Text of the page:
Acting EPA Administrator Andrew Wheeler is about to get a science test.
During Scott Pruitt’s tenure as EPA chief, the agency’s science was sidelined. Web pages explaining climate science disappeared. Pruitt contradicted scientists by claiming that humans aren’t the primary drivers of climate change. Researchers on EPA science advisory boards who received agency grants were deemed to have conflicts of interest, while industry researchers were framed as independent. A rule was proposed that would restrict which science could be used in regulations.
But since Pruitt resigned under a cloud of ethics scandals last month, attention has turned to Wheeler and whether he will continue some of Pruitt’s more controversial moves on science.
A series of key decisions in the coming weeks will offer some clues.
One early test will be Wheeler’s picks for EPA science advisory boards, which are expected in the next month or so.
When Pruitt reworked those boards last year, he forced off academic researchers who received EPA grants and replaced them with researchers funded by industries the agency is tasked with regulating. Although independent academic researchers still make up the bulk of the chartered Science Advisory Board and the Clean Air Scientific Advisory Committee, the newest round of appointments could tip the balance of those boards toward industry.
Wheeler will also have an opportunity to reshape Pruitt’s proposed rule to require that science used in EPA regulations have open and reproducible data. Critics say that rule is tailored to discount major human health studies where participants were granted anonymity. The public comment period on that rule closes this week.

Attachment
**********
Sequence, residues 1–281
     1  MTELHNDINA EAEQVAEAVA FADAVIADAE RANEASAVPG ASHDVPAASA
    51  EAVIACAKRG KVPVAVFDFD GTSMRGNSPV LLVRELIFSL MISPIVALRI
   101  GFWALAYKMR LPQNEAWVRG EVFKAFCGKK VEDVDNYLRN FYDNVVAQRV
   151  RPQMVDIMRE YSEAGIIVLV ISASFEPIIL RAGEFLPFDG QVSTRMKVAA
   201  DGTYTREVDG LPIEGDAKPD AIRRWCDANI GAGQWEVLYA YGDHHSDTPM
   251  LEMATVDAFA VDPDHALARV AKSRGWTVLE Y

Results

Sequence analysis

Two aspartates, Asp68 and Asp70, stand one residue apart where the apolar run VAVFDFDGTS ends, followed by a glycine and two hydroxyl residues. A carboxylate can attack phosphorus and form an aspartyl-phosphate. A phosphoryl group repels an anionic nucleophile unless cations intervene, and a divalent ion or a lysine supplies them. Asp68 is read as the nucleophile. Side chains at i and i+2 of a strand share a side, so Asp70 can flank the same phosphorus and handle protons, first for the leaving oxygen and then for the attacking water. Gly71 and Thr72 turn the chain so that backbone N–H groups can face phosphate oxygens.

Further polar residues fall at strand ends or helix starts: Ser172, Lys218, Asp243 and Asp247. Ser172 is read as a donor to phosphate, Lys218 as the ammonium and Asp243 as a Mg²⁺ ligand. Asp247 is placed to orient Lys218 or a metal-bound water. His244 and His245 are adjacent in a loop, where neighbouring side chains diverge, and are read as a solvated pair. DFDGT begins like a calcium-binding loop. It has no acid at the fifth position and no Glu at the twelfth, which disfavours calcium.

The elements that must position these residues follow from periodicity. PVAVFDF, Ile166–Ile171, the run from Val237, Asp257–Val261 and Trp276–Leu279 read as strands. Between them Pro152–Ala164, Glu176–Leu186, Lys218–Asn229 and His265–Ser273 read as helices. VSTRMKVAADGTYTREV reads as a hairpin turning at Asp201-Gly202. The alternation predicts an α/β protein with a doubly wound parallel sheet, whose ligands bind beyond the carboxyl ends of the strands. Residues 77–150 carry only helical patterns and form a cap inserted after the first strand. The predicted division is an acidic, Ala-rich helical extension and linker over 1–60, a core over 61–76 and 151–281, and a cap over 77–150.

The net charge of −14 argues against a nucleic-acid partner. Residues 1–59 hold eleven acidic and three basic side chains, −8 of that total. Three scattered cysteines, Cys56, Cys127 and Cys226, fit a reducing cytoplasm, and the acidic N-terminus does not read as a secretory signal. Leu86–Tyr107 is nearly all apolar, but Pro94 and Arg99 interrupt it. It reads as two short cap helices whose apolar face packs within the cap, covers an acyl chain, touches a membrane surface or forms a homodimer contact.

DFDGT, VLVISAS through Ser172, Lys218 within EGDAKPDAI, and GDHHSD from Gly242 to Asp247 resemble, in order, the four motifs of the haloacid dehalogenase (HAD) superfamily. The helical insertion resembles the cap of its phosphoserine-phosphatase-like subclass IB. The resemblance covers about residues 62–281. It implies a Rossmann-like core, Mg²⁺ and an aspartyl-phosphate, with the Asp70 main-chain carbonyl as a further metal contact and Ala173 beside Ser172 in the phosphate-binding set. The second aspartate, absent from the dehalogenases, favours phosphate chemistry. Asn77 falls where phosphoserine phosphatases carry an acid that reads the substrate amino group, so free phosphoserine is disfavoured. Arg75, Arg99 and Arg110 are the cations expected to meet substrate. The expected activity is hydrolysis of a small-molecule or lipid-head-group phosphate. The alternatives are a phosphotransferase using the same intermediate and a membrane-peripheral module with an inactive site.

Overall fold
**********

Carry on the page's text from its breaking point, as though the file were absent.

Observers say there is no indication that Wheeler, who has long criticized established climate science, will take a dramatically different approach from his predecessor.
Wheeler is likely to support a variety of SAB candidates, said Matt Dempsey, who worked with Wheeler in the office of Sen. Jim Inhofe (R-Okla.) and now works with a consulting firm representing the oil and gas industry. Dempsey said he doesn’t see any major change in the way EPA will approach science under Wheeler.
“Both Pruitt and Wheeler work for the Trump administration, and Andrew has been clear from the beginning that the policy side was going to stay largely the same under Trump and what he’s doing at the EPA,” Dempsey said.
These upcoming decisions are Wheeler’s opportunity to side either with science or with conservative ideologues, said John Walke, director of the federal clean air, climate and clean energy program at the Natural Resources Defense Council.
Walke said a federal appeals court’s rebuke last week of Pruitt’s decision to lift a ban on chlorpyrifos—a pesticide linked to health problems—shows that the agency will lose in court if it tries to ignore science. He also said that Wheeler’s unwillingness to put the ban back in place shows he is likely to be similar to Pruitt on science.
“Wheeler is at a juncture where he can decide to follow the path of Scott Pruitt in appointing avowed science deniers concerning climate, PM2.5 [fine particulate matter] and ozone,” Walke said. “Or he can follow the more traditional Republican path set forth in both Bush administrations of appointing industry scientists and academics who are more skeptical of science and principles like the precautionary principle, but are not outright deniers like those Scott Pruitt appointed to official science advisory bodies for the first time.”
The nominations for the chartered Science Advisory Board, the agency’s most influential sounding board of researchers, closed last week, and the new members will be selected by the end of October.